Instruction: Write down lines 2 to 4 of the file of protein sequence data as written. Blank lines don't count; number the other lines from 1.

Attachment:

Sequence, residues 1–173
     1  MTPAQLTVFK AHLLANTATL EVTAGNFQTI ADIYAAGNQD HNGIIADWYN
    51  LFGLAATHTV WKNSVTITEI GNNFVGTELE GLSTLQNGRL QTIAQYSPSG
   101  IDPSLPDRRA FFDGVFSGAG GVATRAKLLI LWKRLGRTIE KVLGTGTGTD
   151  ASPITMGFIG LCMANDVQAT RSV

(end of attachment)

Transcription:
     1  MTPAQLTVFK AHLLANTATL EVTAGNFQTI ADIYAAGNQD HNGIIADWYN
    51  LFGLAATHTV WKNSVTITEI GNNFVGTELE GLSTLQNGRL QTIAQYSPSG
   101  IDPSLPDRRA FFDGVFSGAG GVATRAKLLI LWKRLGRTIE KVLGTGTGTD